By David J. Kent
Saturday, July 1, 2023
Marcia Cole will be featured at the Lincoln Group of DC's September 12, 2023 dinner at Maggiano's in character as Charlotte Scott, the formerly enslaved woman who initiated the fundraising for what is now the Emancipation Memorial in Lincoln Park, Washington, DC. This is a role that Marcia has been playing for many years. Her most recent appearance was part of a dedication ceremony in Marietta, Ohio on June 17, 2023.
Organized by the Civil War Round Table of the Mid-Ohio Valley, a historical marker was dedicated recognizing Charlotte Scott, who had lived in Marietta at the conclusion of the Civil War. When she learned of Lincoln’s assassination, Charlotte “was in great distress” and declared, “The colored peoples have lost their best friend on earth! Mr. Lincoln was our best friend and I will give five dollars of my wages towards erecting a monument to his memory.”
Charlotte was born enslaved on the Scott Plantation near Lynchburg, Virginia. At birth she was the property of Thomas Scott but at the outset of the Civil War, Charlotte resided with Thomas Scott’s daughter, Margaret Scott Rucker, and her husband, Dr. William Parks Rucker, in Covington, Virginia. Although a slave-owner, Dr. Rucker was an outspoken supporter of the Union and President Lincoln, and openly collaborated with Federal army officers and scouts. In 1862, Dr. Rucker was arrested by Confederate authorities, accused of treason, and held in prison to await trial. While Rucker was imprisoned, President Lincoln directed the Union army to escort Margaret and the Rucker family to Marietta, Ohio for their safety. Charlotte accompanied the family as a freedman, or former slave, and lived with them as a domestic servant. After fifteen months in Confederate prisons, Dr. Rucker made a dramatic escape, and joined his family in Marietta. As a freedman, Charlotte was compensated for her services and had accumulated modest savings when the war ended.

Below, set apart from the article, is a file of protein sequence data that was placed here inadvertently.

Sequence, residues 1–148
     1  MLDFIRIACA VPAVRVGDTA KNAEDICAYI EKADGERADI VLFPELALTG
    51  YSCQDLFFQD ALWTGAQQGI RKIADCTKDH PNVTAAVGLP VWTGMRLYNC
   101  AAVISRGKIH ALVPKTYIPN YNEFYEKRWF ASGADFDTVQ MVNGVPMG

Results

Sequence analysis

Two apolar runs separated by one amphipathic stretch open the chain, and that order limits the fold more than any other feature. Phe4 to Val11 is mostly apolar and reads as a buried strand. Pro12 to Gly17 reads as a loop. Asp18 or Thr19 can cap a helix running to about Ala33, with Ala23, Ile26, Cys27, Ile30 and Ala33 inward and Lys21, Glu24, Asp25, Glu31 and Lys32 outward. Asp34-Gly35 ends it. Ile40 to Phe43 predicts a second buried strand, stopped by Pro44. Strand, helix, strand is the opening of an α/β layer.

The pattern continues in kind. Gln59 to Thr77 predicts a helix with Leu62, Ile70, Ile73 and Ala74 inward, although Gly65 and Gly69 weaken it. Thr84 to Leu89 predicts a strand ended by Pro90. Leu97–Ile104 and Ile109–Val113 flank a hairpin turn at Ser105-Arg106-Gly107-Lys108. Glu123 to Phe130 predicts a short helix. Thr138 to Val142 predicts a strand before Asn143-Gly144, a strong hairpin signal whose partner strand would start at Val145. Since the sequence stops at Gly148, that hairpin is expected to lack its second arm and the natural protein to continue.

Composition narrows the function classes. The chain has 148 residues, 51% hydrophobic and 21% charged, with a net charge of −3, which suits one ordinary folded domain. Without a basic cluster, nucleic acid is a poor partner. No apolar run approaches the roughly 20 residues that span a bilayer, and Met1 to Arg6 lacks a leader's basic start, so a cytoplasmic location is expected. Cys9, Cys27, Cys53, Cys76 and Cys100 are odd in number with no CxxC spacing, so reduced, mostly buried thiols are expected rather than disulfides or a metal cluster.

Dr. Rucker made strategic contacts that put Charlotte’s vision and donation into the hands of worthy fundraisers, including James Yeatman, President of the Western Sanitary Commission. News of this initiative spread rapidly across the nation and by December 1865, more than $16,000 was raised – entirely from freedmen, including many who were former U.S. Colored Troops. President Grant unveiled the Emancipation Memorial in Washington D.C.’s Lincoln Park on April 14, 1876, the anniversary of the assassination, and Frederick Douglass was the keynote speaker at the dedication ceremony. More than 25,000 people attended – including Charlotte Scott. Abraham Lincoln and Charlotte Scott are the only names commemorated on the monument. After the war, Charlotte lived as a free woman on the Scott Plantation until her death on January 24, 1891.
The Lincoln Group of DC participated in a successful "teach-in" at the Emancipation Memorial in Lincoln Park during the summer of 2020, helping to educate the public on the history of the memorial's funding and dedication.
The CWRTMOV spearheaded the effort to honor Charlotte Scott with a historical marker. At the dedication, Marcia Cole portrayed Charlotte, Michael Crutcher portrayed Frederick Douglass, and Dr. Alicetyne Turley delivered a presentation on "African Americans in the Civil War."
More information on our September dinner meeting at Maggiano's will be available soon on our Lincoln Group of DC website at Lincolnian.org.
Marcia Cole has created a video to record her visit to Marietta – view that video at https://youtu.be/23AvR0Eg-00.
Photo of Michael Crutcher and Marcia Cole courtesy of Marcia Cole. Many thanks to the CWRTMOV and Marcia for the press release information included in this post.